Nouveau Riche presented last year’s fringe hit, Queens of Sheba, a cabaret style show inspired by a 2015 incident in which the door policy of a West End club was exposed as racist for turning away women with darker skin.
An incident at a club also features in Nouveau Riche’s latest, Typical (Pleasance Courtyard, and Soho Theatre September 3 to 28) which is inspired by the last hours of Christopher Alder, a former black paratrooper who died in police custody in 1998 after being assaulted outside of a Hull nightclub.
Ryan Calais Cameron’s one man play draws on poetry and spoken word to draw a portrait of an ordinary man on a typical Friday night. Divorced three years, he’s looking forward to seeing his kids the following weekend and watching the Lion King together, but for now he is out on the razzle, eager for a few drinks and maybe to meet a woman. He is like thousands of other men on any other Friday night but then in a twinkling everything changes, and a fight leaves him fighting for his life after the police become involved.
Richard Blackwood in Typical.
It boasts a fine performance from Richard Blackwood as a man who is a little bit full of himself, enormously likeable and who knows his future is bright. Which makes what unfolds all the more unbearable.
The programme warns in advance that the play employs real video footage that shows what happened to Alder in the police station so you watch with an increasing sense of dread. Also a rising rage at the injustice that this ordinary bloke on an ordinary night out is dying because the colour of his skin means the police do not see or treat him as human. Devastating, and all the more so because you can read the title—Typical—in more than one way.
In very different vein comes Hannah Maxwell’s I, Am Dram (Pleasance Courtyard, then CPT November 26-30), a very smart little show about legacy, lineage, coming out and going home. Maxwell comes from a Welwyn Garden City family who are devoted to amateur dramatics. Maxwell took a week out of uni to stage manage Oliver! Her gran and her mum have both played Eliza Doolittle in My Fair Lady. They think that Hannah should audition to play her too. She would prefer to play Freddie.
Hannah Maxwell’s in I, Am Dram.
With its singalongs and audience participation, the fuzzy video clips of amateur shows, ironic use of black-outs and even an interval, this might initially appear to be simply a knowing but affectionate celebration of am-dram. But gradually it turns into something else, something deeper about the burden of family expectation, finding your own role in life and how as the train you are on gets nearer to home you start to feel further away. Very nicely put together, very engaging.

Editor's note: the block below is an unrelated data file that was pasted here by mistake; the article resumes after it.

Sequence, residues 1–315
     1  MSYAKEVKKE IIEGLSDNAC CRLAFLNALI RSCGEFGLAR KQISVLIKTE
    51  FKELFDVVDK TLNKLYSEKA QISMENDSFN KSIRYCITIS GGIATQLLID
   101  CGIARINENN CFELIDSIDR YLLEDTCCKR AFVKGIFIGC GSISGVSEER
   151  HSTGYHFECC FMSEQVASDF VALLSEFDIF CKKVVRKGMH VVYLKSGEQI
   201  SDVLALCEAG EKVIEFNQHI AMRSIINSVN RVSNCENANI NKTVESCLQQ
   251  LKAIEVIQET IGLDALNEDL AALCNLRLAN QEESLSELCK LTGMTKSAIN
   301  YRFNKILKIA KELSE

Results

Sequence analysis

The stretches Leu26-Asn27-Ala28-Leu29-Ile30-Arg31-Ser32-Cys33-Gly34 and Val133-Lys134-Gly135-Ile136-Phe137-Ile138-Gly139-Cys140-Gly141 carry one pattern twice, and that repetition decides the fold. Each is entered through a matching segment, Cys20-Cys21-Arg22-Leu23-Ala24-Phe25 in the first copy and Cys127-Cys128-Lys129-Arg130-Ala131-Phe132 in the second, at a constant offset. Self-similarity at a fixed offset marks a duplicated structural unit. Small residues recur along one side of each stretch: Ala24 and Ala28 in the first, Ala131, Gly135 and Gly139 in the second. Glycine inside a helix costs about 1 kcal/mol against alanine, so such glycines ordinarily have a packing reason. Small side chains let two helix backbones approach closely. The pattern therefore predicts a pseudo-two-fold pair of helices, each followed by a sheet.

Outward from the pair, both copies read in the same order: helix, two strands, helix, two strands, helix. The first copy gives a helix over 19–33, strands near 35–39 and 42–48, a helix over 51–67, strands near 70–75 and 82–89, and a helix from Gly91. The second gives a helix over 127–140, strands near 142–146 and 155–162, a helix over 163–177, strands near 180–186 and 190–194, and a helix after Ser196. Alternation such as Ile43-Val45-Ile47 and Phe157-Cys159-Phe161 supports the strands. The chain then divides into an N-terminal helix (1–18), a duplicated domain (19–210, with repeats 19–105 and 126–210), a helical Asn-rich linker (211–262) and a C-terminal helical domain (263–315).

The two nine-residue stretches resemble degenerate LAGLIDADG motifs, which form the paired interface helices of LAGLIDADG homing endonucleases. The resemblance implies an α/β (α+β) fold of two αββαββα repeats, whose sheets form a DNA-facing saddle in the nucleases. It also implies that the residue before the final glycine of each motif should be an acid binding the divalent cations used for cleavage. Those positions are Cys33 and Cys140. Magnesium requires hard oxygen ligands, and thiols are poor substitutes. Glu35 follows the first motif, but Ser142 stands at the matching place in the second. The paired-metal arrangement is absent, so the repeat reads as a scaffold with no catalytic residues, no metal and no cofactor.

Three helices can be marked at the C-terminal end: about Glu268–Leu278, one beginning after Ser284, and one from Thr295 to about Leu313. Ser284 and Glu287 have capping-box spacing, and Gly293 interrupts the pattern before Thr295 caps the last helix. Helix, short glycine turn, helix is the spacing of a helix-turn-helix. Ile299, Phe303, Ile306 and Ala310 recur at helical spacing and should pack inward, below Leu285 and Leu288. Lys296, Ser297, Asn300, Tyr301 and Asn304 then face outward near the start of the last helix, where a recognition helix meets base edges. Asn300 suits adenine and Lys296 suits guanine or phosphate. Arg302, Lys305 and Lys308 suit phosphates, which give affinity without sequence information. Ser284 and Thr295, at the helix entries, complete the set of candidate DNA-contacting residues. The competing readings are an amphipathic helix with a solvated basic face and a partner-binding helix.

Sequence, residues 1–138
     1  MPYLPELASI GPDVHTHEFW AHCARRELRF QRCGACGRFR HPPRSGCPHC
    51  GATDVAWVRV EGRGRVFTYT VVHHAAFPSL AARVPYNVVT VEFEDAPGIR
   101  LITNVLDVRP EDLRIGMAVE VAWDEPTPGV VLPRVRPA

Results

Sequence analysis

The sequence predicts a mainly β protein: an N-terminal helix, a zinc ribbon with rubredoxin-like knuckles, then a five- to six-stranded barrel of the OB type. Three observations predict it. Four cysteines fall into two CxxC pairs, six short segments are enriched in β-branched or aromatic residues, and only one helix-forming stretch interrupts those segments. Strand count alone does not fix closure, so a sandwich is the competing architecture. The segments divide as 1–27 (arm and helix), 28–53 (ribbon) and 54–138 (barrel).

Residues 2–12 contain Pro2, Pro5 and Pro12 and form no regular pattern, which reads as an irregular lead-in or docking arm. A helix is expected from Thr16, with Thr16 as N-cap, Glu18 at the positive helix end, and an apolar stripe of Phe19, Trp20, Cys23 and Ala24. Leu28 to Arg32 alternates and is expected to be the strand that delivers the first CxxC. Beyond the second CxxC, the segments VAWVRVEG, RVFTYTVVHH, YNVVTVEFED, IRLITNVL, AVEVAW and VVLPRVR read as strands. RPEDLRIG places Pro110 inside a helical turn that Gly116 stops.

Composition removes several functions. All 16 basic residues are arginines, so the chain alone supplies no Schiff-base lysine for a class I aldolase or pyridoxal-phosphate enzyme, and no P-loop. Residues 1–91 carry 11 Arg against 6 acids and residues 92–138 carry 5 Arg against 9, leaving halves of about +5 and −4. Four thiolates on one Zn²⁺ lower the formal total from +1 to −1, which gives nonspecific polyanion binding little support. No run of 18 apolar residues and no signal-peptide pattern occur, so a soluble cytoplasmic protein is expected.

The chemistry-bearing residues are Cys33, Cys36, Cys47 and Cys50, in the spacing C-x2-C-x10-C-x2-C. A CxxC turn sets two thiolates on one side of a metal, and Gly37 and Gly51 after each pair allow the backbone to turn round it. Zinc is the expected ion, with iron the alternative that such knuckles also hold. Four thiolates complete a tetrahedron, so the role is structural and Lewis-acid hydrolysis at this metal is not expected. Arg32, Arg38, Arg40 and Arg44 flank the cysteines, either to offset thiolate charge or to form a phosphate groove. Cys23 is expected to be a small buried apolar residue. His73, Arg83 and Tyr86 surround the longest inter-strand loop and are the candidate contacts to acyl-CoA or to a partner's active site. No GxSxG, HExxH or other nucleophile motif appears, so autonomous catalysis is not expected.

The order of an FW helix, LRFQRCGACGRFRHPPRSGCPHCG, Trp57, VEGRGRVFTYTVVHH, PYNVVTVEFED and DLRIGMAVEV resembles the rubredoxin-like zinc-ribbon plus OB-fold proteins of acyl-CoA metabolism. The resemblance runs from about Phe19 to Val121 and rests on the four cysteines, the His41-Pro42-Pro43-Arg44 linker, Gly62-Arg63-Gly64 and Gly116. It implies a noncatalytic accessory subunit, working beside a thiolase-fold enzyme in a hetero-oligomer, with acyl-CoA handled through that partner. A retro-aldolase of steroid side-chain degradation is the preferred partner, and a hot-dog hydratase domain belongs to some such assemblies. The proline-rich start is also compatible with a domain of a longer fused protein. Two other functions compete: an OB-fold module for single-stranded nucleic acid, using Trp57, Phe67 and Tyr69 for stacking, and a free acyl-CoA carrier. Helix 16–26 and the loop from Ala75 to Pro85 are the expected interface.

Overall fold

Swim (Pleasance Courtyard) comes drowned in grief and water. It is as private and as isolated as a loch or secret lake. That is both its difficulty and its strength. It is the story of a friend dealing with an unnamed loss. But maker Liz Richardson is not making the show about a friend - she is making it for her friend. In that respect, like the wonderful Dressed (Pleasance Courtyard) the show itself is an act of friendship.
She enlists the help of Josie Dale Jones and Sam Ward to make the show about the pleasures of wild swimming, an activity that she and her friend do regularly together. She takes the pair wild swimming in the Lake District. They don’t seem entirely sold. Carmel Smickersgill, whose haunting score is threaded through the performance, comes too and won’t even tip a toe in the water.
The company of Swim.
This is a piece that is meditative, not action-packed, and it invites you to go with the flow. But it spends too much time focussing on how the show was made rather than on the potential power of wild swimming when you feel life is pulling you under. It feels both dense and also overly padded out. There are moments of real beauty but meaning remains submerged so the emotional impact remains elusive.
Swim (Pleasance Courtyard until Aug 26.